We're not exceptionalism simply because we say we are: we are because of what we do and the principles we adhere to. Somewhere since World War II, this important distinction has been lost, and exceptionalism has just become a warmed over (and hypocritical) justification for anything our state chooses to do. And as such, America becomes exactly the same as any other nation, at least on the international stage. If one wants to be exceptional, one cannot also claim to be a hegemon. Thats the same game that China, Britain, France, Russia, the Soviet Union, et al.. played.

The Latin American situation is very interesting, what with events in Bolivia unfolding, and Mexico looking likely to follow its Southern cousins next year.

Is there any government left in the hemisphere that isn't "left," "hard" or otherwise? I guess one of the advantages for Latin America about our current mideast fixation is that they don't have to worry about as much meddling as during the Cold War.

The Chavez example is pretty hypocritical on the US's part. I have no real illusions about the guy, but I don't think he's a Castro clone either. The guy is clearly popular in Venezuela, because at least he's trying to fix problems that the US-centric elites have done so little to address. Whether he succeeds or not is an open question: but the fact he is popular to begin with should maybe open a few eyes inside the Beltway.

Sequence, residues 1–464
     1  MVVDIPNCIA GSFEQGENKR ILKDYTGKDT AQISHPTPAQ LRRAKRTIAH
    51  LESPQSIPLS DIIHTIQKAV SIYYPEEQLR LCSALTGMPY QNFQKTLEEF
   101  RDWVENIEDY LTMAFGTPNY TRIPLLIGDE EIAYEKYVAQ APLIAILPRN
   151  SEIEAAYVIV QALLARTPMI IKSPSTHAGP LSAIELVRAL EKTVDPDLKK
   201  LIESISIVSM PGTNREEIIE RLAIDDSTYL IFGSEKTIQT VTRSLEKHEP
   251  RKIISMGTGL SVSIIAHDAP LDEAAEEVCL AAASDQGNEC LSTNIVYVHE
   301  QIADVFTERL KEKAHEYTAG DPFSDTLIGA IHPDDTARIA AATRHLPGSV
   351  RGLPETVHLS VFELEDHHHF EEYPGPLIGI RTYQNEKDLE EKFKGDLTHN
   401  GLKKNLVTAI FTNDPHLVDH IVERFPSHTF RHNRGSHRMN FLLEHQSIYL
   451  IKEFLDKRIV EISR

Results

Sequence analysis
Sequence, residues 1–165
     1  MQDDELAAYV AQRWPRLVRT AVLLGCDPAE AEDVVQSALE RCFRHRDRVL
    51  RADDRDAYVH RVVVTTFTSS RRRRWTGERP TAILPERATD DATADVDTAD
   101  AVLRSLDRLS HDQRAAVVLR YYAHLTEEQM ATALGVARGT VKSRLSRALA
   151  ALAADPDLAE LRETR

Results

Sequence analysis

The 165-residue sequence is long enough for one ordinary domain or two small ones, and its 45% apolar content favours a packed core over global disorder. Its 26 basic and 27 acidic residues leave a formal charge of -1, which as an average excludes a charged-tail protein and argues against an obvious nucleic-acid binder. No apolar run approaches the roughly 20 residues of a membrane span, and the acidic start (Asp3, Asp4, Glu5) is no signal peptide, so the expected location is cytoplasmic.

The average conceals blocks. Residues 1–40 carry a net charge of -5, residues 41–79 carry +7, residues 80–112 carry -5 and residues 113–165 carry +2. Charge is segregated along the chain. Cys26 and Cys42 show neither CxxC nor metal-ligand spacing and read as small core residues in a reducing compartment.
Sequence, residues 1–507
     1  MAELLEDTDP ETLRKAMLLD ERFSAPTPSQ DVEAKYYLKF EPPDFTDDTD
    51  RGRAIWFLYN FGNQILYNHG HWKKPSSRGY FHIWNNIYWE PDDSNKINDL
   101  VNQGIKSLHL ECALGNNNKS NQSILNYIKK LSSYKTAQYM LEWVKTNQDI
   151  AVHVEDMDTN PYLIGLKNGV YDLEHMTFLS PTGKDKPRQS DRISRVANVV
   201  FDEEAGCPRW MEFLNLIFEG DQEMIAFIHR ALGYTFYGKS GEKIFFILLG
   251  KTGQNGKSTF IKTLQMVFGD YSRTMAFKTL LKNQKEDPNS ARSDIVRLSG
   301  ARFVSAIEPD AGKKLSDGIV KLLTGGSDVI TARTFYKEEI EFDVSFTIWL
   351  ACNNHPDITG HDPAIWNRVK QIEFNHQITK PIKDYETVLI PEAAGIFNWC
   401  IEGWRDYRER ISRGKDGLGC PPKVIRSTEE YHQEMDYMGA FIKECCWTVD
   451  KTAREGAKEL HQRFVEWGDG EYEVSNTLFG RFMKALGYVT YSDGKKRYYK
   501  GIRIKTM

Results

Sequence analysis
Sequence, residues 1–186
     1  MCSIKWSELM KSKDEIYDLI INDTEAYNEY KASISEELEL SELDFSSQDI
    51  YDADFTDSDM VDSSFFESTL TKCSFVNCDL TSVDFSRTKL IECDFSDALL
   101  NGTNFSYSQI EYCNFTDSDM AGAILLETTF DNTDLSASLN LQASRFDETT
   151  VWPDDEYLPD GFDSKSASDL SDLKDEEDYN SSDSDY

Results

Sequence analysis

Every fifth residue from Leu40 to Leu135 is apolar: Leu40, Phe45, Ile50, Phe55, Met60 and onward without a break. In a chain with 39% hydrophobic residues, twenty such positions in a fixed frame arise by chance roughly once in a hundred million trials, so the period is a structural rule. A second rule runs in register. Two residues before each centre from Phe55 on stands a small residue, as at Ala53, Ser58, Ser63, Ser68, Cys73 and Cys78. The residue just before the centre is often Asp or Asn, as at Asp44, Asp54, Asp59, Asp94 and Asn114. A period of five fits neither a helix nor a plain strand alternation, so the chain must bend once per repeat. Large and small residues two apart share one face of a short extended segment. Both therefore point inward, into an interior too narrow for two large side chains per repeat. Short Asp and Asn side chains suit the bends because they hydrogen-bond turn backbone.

The Latin American situation is very interesting, what with events in Bolivia unfolding, and Mexico looking likely to follow its Southern cousins next year.

Is there any government left in the hemisphere that isn't "left," "hard" or otherwise? I guess one of the advantages for Latin America about our current mideast fixation is that they don't have to worry about as much meddling as during the Cold War.

The Chavez example is pretty hypocritical on the US's part. I have no real illusions about the guy, but I don't think he's a Castro clone either. The guy is clearly popular in Venezuela, because at least he's trying to fix problems that the US-centric elites have done so little to address. Whether he succeeds or not is an open question: but the fact he is popular to begin with should maybe open a few eyes inside the Beltway.

Ben P,

Don't forget Uribe, in whose country we have hundreds, probably thousands, of military advisors and contractors. So, yeah, there is an exception to the Latin American trend. And the US no doubt intends to protect Uribe and Colombia as a military foothold in case we ever do feel the need to go after Chavez.